As well, I would not classify the period when Europe was swept by the Black Death as post-apocalyptic either. I would agree that it was a cataclysm of nearly apocalyptic proportions. However, Europe at that time had gained too much in the way of societal structure, notions of government and social structure were not radically changed by the plague’s appearance. While the die off of a third of Europe’s population in the wake of the first wave of plague could be considered of an apocalyptic scale, the following waves of the plague were did not have the massive effect of the first. I believe though, that a true apocalypse is not really possible without the disruption of society, and its structures, as a whole.

    I totally agree with Chris Hodge, the first three books of the Emberverse Saga are great. I also agree with Timo, the author has an axe to grind about the awesomeness of the SCA and organizations like it. I actually picked up a copy of the Kalevala because of one of the passages from Dies the Fire.

    And for Timo’s time travel reading-

    The Forever War by Joe Halderman – It deals less with time travel exactly, and more with the effects of time dilation from travelling a the speed of light.

    Doomsday Book by Connie Willis – Haven’t read this one but I’ve heard it is pretty good.

    To say nothing of the dog: How we found the Bishop’s Birdstump by Connie Willis – Haven’t read this one either, but it is high up on my reading list.

    Timeline by Michael Crichton – This one it pretty decent, read the book the movie is not nearly as good.

  9. I’m going to reiterate Ryan’s recommendation of the movie “Primer”.

    I’d also like to recommend the novel “Singularity Sky” by Charles Stross. Time Travel is only part of the story, but it’s integral to the world the story takes place in, and PREVENTING a form of time travel is the key part of the plot. Very good Hard SF.

    If nothing else, the following message, left on obelisks on every human colony world may amuse you:

    I am the Eschaton. I am not your God.
    I am descended from you, and exist in your future.
    Thou shalt not violate causality within my historic light cone. Or else.

    Basically, the heroes are fighting desperately to avoid the “or else” part of the above message.

  10. Chris, I take offense to Battlefield Earth as a crappy movie pick. It was pre-research for everything not to do with a post-apoc, alien invasion, and John Travolta movie. I think Ryan Reynolds could save the franchise with a re-boot.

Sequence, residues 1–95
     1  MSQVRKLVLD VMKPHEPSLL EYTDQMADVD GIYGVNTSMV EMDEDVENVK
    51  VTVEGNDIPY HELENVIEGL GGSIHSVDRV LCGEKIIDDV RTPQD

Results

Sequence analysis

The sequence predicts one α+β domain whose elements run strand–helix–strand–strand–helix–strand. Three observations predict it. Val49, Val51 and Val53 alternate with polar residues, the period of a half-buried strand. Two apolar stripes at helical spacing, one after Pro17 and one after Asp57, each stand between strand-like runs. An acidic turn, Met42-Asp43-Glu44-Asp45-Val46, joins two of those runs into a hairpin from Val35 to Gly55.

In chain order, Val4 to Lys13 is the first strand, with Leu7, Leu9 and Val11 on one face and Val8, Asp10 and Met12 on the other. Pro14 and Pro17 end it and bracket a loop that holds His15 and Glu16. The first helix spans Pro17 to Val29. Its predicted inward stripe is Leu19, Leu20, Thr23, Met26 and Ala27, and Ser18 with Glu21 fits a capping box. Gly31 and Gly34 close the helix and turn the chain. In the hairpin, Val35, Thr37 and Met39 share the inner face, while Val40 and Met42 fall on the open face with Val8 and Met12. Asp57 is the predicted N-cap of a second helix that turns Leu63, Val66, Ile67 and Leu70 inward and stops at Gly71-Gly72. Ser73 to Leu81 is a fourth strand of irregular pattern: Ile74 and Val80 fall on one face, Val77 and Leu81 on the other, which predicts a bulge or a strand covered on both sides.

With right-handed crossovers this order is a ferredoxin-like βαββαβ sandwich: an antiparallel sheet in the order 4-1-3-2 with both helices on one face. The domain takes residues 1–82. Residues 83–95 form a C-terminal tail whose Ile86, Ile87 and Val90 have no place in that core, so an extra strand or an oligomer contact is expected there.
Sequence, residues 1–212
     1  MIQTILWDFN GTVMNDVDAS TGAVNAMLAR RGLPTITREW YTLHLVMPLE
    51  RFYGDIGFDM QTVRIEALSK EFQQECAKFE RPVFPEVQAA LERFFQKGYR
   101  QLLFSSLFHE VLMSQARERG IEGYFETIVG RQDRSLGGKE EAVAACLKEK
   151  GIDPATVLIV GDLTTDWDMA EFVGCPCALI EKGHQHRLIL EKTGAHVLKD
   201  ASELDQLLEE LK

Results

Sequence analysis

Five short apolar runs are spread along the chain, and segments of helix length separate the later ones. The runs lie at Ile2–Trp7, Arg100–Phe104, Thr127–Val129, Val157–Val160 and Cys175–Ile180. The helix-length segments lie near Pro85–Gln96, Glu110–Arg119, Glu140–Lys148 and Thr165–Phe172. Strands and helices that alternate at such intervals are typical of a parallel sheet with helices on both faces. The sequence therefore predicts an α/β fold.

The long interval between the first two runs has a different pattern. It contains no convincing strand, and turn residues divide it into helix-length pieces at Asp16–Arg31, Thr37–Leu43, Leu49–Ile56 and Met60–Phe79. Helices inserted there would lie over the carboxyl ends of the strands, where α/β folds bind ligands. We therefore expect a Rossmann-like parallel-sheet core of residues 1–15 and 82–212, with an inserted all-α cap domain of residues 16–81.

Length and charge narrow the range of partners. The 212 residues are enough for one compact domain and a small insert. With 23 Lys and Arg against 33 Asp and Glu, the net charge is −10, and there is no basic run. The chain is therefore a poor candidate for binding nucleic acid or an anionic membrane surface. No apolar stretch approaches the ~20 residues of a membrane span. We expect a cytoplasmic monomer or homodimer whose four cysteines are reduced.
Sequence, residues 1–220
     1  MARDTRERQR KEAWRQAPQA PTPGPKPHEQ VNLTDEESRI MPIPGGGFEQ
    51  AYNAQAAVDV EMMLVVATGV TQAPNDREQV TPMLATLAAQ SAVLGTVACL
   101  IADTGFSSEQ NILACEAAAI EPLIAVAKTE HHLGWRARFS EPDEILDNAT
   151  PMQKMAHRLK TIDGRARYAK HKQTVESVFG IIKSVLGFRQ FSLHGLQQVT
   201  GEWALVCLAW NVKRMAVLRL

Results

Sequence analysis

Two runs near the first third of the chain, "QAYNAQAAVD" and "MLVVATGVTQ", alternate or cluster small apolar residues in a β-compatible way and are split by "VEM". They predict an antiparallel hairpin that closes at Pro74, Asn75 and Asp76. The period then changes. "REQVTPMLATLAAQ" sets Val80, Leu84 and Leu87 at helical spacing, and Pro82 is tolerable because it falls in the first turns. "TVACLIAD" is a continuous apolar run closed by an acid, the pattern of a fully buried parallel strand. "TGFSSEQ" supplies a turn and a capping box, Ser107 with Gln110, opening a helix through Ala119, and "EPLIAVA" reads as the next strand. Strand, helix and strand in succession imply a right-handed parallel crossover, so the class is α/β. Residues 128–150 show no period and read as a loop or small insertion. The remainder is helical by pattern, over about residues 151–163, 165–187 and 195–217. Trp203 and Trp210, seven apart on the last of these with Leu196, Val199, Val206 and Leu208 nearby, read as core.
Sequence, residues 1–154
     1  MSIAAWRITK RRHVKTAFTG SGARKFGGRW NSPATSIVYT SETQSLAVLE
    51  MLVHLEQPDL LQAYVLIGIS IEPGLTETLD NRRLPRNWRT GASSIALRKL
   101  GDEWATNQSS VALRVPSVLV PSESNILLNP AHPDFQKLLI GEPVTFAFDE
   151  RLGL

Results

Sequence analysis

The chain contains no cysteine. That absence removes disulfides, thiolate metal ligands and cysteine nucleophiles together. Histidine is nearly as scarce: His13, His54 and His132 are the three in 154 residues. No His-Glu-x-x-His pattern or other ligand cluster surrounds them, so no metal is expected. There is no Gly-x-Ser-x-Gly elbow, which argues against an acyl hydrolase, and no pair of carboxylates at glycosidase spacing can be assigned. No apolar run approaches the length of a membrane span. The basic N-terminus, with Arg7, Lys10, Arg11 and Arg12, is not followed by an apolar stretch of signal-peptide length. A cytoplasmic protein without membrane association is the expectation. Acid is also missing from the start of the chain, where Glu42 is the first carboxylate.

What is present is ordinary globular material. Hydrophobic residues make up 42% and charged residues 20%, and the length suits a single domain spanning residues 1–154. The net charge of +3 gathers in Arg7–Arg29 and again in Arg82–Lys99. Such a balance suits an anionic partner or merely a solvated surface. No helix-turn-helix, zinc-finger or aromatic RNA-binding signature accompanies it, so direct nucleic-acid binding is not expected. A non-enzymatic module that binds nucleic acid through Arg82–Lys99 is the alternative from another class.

I prefer Hell on Earth to Deadlands, but both are phenomenal settings. The original rules are pretty crunchy, especially for Mad Scientists in DL and Junkers in HoE. Converted to Savage Worlds should streamline it immensely.

    Sandy, about Deadlands, Shadowrun, and CoC, gamer geeks like weird.

    Todd’s absolutely right about Remember Tomorrow. It’s a GREAT game.

  11. Yeah, My think about medieval Europe was probably more speculation and misplaced surety. This is not abnormal for me.

    Deadlands: Hell on Earth is different from Deadlands. So there.

    Thanks for all the recommendations!

  12. A few thoughts:

    The AD&D “Dark Ages” game run by Michael Shorten that Megan and I played in was pretty explicitly post-apocalyptic fantasy, taking place a generation after the “Doom” that had struck the world. It constantly felt like the walls were falling in on us, as befits the genre, and sadly our characters eventually came to a tragic end, which also fit but was a bit of a bummer. Our deaths did have an impact on the game world, but I think it would have been better if there had been a glimmer of hope pop up somewhere because of these events like the kind Todd was talking about in this episode. To be fair, it happened pretty suddenly and it would have been pretty tough for Michael to come up with something like that on the fly.

    I’m not sure what kind of style of game Timo is looking for, but I can say from my experience with Burning Wheel that it does nudge players to use the out-of-combat skills they’ve chosen to overcome challenges, and of course draws out the characters’ individual beliefs and goals into the story as well. The one big drawback that I can say that the game has is that the amount of record-keeping for advancement purposes can get a bit ridiculous.

    The “I’m Tired” lady from Blazing Saddles was, of course, the incomparable Lilly Von Schtupp.